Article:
Why it’s historic: Believed to be Australia’s oldest café, Paragon was launched in 1916 by Zacharias Simos, a 19-year-old migrant from Kythera, Greece. Located in Katoomba, a town in the Blue Mountains of Sydney, it started out serving candy, soda drinks and seafood such as lobsters and oysters. The place was an opulent spot dressed in white and gold, and came with a swanky supper room for private events.

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Paragon Café today.

The following years saw the addition of two function rooms, along with the attachment of alabaster sculptures to the eatery’s maplewood walls. Today, Paragon Café continues to be a popular stop for visitors to the Blue Mountains, because of its rich heritage and Art Deco-inspired interiors.

What to order: Handmade chocolates, waffles and pastries.

Paragon Cafe
The coffee house is known for its handmade chocolates.

Notable clientele: Sir Bob Geldof, Bob Dylan, Ginger Rogers, Lee Marvin and Kate Ceberano.

Paragon Café, 65 Katoomba Street, Katoomba, New South Wales, +61 2 4782 2928, theparagonhistory.com.au

Café Paulista, Japan

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Café Paulista is one of Tokyo’s oldest coffee houses. (Credit: Tokyo Bling)

Why it’s historic: Café Paulista was first launched in 1911 in Ginza, Tokyo as an eatery serving up brews made from Brazil-imported coffee beans. Unfortunately, it was destroyed by the Great Kantō Earthquake of 1923, which devastated many parts of Tokyo. It reopened in 1969 and, a year later, moved to its current location at Nagasaki Center. Staying true to its roots, the establishment is designed around a Brazilian theme and uses coffee beans from the South American country.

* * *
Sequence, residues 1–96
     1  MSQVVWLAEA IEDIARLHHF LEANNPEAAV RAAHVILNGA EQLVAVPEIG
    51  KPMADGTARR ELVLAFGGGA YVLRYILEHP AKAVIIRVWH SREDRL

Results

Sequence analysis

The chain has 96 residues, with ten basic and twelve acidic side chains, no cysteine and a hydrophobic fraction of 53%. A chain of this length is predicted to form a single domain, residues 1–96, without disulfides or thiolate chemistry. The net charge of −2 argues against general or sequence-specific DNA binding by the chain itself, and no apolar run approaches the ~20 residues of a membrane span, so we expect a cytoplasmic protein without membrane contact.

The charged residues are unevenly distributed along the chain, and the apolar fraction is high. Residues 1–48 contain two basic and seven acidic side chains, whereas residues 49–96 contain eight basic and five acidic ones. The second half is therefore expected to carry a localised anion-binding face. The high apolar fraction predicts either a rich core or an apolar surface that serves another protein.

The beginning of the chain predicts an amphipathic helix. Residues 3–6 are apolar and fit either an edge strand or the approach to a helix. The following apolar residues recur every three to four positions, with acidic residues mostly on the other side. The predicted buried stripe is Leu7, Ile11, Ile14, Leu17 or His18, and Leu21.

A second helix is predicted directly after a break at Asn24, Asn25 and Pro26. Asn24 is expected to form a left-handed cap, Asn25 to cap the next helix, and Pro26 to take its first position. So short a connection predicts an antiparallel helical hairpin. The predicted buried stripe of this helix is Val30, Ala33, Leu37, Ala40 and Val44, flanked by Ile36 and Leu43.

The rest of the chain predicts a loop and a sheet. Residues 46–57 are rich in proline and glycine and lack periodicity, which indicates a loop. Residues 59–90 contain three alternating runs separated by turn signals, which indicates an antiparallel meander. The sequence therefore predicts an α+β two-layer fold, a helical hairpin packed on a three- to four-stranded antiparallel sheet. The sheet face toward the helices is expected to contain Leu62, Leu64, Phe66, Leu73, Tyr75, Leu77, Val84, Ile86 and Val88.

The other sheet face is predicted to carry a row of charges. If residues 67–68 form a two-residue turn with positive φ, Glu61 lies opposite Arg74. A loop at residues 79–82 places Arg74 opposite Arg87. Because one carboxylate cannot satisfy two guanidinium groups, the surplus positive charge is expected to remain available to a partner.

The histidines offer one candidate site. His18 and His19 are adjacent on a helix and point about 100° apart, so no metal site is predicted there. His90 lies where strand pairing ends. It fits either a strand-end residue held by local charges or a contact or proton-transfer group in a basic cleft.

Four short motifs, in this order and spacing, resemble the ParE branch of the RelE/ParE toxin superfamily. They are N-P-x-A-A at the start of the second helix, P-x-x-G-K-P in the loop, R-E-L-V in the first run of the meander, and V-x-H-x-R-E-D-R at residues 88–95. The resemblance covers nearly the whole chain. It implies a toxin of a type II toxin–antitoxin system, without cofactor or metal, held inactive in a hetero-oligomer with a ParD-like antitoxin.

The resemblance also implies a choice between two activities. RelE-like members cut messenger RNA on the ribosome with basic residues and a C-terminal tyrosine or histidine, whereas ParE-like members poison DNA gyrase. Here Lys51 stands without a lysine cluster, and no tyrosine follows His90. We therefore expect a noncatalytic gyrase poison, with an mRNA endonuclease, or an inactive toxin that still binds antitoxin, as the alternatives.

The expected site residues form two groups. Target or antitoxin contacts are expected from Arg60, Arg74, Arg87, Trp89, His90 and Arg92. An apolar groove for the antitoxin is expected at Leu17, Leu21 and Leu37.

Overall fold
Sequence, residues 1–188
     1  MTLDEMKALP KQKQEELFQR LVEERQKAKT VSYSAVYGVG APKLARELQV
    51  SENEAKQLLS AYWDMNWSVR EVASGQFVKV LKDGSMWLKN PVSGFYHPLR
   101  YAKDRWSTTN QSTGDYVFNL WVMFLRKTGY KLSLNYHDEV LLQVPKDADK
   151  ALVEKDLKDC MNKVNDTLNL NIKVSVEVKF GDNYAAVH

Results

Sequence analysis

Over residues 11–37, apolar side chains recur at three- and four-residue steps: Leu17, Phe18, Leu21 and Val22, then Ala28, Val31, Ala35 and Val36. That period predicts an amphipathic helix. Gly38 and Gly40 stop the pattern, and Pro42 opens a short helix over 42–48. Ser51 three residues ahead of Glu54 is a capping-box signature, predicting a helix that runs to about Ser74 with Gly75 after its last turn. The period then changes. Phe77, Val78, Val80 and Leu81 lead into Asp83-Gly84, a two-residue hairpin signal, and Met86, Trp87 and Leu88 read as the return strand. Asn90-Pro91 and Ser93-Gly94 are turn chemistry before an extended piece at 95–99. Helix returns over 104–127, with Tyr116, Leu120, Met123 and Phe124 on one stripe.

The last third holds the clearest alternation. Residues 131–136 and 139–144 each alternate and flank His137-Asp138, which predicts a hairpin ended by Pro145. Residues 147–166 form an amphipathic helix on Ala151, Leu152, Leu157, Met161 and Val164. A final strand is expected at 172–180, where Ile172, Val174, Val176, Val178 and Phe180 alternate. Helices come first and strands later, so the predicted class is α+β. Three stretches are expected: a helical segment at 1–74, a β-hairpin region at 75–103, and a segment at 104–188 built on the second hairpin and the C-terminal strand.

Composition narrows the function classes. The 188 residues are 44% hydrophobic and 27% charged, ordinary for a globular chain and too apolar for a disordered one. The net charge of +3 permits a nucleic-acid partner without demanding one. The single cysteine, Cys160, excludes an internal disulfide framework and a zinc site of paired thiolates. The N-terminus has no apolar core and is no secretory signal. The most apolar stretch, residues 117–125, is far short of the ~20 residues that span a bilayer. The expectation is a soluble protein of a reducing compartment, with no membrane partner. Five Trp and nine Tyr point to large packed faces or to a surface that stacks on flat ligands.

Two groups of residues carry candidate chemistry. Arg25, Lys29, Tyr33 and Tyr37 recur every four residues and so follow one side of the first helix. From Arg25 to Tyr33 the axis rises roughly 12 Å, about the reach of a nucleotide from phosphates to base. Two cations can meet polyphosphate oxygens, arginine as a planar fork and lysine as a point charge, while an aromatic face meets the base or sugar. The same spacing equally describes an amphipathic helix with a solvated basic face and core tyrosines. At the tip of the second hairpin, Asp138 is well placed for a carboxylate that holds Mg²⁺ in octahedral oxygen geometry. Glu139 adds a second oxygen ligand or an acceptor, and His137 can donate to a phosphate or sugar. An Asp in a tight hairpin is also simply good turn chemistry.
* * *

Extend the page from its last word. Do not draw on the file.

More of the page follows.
Cafe Paulista
The café stays true to its roots with its Brazilian-themed interiors and coffee.

What to order: Paulista Old (its signature bitter coffee blend) and Cafe Florestal, a milder brew.

Notable clientele: John Lennon and Yoko Ono.

Café Paulista, 8-9-16 Ginza, Nagasaki Center Bldg 1F, Chuo 104-0061, Tokyo Prefecture, +81 3-3572-6160,  www.paulista.co.jp

Coliseum Café & Grill Room, Malaysia

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Coliseum Café and Grill Room is a colonial-styled eatery in Kuala Lumpur.

Why it’s historic: This eatery along Jalan Tuanku Abdul Rahman in Kuala Lumpur was opened in 1921 during the colonial era. Its interiors reflect that heritage, with antique furniture, dark wood saloon doors and retro floor tiles. Most of its furniture and decorations have been preserved since its early days, and its walls are lined with photos of famous personalities who have dined there.

Coliseum serves a repertoire of Hainanese and Western fare, and operates three other branches in Kuala Lumpur, Petaling Jaya Selangor and Petaling Jaya. 

Coliseum oxtail soup
A signature dish is the oxtail soup.

What to order: Oxtail soup, sizzling steak and English pot pie.

Notable clientele: Tunku Abdul Rahman, P. Ramlee and Dr Mahathir Mohamad.

Coliseum Café & Grill Room, 98-100 & 102 Jalan Tuanku Abdul Rahman, 50100 Kuala Lumpur Malaysia, +603 2692 6270, www.coliseum1921.com

Sara Yap
Deputy Director, Digital Operations (Asia)
Sara Yap is the Deputy Director of Digital Operations at BurdaLuxury, and a contributing writer to Lifestyle Asia’s dining and jewellery beats. When she’s not on the lookout for exciting new restaurants or bejewelled trinkets, she’s probably buried in a riveting read, or reminiscing the good ol’ days with her favourite playlist of ’90s boyband hits.